back to article LG DM2350D 23in passive 3D monitor and TV combo

The DM2350D is the first 3D combination monitor/TV released by LG. Sharing the same passive FPR 3D panel technology as its Cinema 3D TV siblings, it’s presumably aimed at wannabe 3D PC gamers and those looking for a jack of all trades screen that’s easy to accommodate in student digs or wherever. LG DM2350D 3D monitor and TV …


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  1. DrXym Silver badge

    No freeview HD is nuts

    For the sake of a few quid for a DVB-T2 tuner they've probably alienated 50% of their prospective customers.

    1. thefutureboy


      Isn't the amount of import duty greater for a TV with a tuner rather than a monitor?

      1. Anonymous Coward
        Anonymous Coward


        Probably, but this has DVB-T, is it's irrelevant. I agree that not putting DVB-T2 in is crazy

        1. DrXym Silver badge

          Worse yet

          If it supports H264 et al then it probably has the licences and hardware for the video / hardware codecs it needs to support since it doubles up a media player. Given that H264 over DVB-T is used in some countries it probably supports that too. Quite literally a few quid's worth of tuner circuitry, some certification for its logo and some modest software tweaks would have made this TV capable of receiving HD TV.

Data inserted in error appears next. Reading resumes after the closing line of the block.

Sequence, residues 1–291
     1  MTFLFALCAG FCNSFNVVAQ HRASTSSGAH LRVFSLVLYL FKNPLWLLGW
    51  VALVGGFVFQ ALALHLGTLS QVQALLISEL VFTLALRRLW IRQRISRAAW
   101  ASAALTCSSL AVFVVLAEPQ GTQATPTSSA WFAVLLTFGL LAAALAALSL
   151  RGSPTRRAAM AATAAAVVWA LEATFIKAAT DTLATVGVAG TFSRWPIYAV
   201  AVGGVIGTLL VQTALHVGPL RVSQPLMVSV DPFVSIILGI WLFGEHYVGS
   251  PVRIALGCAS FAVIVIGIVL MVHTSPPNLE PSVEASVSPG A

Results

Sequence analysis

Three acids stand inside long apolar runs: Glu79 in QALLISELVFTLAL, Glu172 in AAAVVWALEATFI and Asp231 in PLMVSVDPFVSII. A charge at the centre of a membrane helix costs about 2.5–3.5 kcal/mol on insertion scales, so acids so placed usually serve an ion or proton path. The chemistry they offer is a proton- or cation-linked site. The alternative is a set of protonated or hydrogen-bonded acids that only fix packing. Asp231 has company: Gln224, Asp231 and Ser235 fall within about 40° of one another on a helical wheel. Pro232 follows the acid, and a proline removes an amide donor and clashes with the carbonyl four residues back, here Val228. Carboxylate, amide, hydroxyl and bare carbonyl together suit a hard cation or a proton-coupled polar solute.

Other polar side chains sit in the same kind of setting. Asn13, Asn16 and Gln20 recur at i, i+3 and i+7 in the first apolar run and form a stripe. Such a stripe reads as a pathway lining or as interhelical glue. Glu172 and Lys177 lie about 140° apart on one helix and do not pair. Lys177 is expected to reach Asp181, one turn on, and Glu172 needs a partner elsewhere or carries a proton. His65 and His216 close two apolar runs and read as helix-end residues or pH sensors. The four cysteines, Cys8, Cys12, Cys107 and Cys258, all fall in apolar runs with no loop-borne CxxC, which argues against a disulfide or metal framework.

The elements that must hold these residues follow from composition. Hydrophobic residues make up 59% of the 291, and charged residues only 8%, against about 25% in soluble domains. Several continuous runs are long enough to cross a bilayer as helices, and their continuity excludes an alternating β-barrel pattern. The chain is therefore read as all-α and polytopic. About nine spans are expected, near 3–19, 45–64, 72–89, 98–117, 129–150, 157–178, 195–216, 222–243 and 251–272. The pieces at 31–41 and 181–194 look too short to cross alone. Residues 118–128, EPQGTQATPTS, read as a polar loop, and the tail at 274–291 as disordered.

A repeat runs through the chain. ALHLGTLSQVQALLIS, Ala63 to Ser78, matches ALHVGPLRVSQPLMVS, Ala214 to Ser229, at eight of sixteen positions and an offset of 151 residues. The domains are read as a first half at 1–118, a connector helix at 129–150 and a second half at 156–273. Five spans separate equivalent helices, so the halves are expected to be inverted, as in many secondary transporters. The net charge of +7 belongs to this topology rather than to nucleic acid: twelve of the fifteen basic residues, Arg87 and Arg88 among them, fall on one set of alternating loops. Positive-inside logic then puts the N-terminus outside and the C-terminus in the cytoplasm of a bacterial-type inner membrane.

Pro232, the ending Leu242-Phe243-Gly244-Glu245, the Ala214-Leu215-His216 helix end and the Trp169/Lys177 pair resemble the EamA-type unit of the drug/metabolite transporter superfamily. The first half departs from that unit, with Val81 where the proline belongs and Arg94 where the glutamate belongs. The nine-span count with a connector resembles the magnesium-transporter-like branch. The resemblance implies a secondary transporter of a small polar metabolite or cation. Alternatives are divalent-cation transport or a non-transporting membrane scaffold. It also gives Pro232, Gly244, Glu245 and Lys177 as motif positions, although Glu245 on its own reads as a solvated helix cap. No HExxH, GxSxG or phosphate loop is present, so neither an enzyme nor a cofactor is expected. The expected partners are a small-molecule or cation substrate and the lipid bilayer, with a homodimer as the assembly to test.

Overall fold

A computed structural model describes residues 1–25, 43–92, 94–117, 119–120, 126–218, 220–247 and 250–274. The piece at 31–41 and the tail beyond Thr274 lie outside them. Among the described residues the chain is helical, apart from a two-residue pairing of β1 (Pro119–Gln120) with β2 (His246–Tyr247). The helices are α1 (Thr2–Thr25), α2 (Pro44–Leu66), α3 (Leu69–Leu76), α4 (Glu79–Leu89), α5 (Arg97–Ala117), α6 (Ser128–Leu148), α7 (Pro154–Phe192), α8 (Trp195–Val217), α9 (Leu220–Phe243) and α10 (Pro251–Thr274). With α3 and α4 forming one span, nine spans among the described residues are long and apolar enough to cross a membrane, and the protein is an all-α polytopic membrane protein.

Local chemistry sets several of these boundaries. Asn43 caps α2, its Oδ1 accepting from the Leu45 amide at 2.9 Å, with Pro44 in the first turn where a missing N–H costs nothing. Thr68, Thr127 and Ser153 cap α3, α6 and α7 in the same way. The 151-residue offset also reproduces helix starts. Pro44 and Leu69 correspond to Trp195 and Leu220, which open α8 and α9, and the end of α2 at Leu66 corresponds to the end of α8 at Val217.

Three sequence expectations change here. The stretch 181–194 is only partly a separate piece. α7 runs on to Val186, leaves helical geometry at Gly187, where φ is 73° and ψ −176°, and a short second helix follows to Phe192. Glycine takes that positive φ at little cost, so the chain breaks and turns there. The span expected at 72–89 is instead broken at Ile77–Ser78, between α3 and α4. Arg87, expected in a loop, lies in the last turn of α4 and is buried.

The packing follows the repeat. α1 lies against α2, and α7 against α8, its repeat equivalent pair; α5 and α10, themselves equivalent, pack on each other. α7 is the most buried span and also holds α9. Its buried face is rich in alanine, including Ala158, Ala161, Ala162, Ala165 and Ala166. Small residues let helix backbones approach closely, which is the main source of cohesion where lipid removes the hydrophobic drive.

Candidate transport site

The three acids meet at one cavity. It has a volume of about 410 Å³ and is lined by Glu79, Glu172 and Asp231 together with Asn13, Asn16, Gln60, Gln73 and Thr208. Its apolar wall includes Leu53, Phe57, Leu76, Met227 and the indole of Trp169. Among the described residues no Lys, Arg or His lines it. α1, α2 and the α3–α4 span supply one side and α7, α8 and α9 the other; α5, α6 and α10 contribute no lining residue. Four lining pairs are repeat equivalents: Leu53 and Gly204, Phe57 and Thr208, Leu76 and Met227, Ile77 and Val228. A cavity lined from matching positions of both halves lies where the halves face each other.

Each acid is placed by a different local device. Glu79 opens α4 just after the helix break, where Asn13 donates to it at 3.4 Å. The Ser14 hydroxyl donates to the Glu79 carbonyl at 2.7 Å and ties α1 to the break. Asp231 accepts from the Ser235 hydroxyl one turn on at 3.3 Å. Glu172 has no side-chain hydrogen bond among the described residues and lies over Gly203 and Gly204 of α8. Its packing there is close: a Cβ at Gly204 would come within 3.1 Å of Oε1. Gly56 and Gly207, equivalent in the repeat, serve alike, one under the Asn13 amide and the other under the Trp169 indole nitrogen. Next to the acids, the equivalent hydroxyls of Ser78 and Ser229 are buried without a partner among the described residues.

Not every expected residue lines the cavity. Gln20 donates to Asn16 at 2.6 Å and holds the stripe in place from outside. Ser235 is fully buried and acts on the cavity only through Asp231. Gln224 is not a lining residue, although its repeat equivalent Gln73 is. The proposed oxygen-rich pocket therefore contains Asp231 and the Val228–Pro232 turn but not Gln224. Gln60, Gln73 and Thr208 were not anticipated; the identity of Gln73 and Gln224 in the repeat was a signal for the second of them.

2. Chris Miller

    No, no, no

    "Given its size, ... some may find this resolution [1920x1080] delivers graphics and text that can be painfully small". I made the same point on a thread about laptop screens and received a righteous shoeing for my pains. Apparently the world is full of people who are desperate for 1600 lines on a 14" screen, but the big bad clueless manufacturers are stopping them from getting it.

    DrXym - spot on, but (I was looking for a smallish bedroom TV) you'll find a lot of full HD TVs that lack a Freeview HD tuner. Go figure! I suppose in their defence, there's little chance of anyone seeing the difference between an SD and HD picture on this size screen (unless they're sitting a few inches away). See

    1. DrXym Silver badge

      I can see the difference